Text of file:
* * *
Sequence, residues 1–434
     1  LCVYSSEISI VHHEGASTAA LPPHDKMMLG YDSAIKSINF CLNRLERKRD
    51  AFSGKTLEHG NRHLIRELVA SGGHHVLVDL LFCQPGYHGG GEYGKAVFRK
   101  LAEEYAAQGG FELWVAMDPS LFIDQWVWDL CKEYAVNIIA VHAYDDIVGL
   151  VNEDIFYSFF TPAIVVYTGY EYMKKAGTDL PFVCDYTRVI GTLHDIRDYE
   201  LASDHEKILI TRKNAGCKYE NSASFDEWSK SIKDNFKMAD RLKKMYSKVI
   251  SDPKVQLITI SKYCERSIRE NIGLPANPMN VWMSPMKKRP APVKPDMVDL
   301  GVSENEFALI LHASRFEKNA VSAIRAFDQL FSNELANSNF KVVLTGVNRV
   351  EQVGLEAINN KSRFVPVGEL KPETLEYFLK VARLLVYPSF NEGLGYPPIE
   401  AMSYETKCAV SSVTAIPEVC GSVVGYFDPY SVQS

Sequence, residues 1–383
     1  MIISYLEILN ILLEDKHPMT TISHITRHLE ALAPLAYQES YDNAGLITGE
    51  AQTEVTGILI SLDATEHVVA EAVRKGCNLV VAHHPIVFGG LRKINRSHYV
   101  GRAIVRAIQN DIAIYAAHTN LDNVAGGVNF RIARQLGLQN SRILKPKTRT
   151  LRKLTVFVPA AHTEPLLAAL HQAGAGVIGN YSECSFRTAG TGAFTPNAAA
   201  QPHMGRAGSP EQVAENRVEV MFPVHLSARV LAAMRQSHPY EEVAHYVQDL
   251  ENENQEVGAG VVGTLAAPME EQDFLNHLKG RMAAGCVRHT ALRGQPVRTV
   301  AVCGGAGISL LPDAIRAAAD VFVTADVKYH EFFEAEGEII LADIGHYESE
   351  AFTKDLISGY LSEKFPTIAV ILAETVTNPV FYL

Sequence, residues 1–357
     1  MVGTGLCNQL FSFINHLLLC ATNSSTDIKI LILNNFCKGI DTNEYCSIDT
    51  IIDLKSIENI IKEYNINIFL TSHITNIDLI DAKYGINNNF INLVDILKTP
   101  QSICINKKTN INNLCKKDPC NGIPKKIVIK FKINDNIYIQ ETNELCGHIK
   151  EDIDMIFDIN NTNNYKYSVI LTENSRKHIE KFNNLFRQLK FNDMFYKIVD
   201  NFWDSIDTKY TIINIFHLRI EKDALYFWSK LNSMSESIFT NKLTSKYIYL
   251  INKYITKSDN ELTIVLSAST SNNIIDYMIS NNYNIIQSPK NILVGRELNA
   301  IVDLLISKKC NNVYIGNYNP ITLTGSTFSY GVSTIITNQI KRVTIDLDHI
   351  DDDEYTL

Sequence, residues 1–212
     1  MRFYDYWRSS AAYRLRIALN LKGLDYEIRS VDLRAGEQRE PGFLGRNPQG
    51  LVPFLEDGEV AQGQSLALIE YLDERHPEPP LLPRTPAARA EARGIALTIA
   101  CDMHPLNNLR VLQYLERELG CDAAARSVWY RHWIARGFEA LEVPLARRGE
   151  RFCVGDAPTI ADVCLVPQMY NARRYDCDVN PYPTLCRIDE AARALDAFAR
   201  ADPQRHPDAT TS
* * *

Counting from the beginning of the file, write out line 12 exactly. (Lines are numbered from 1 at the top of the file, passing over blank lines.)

     1  MIISYLEILN ILLEDKHPMT TISHITRHLE ALAPLAYQES YDNAGLITGE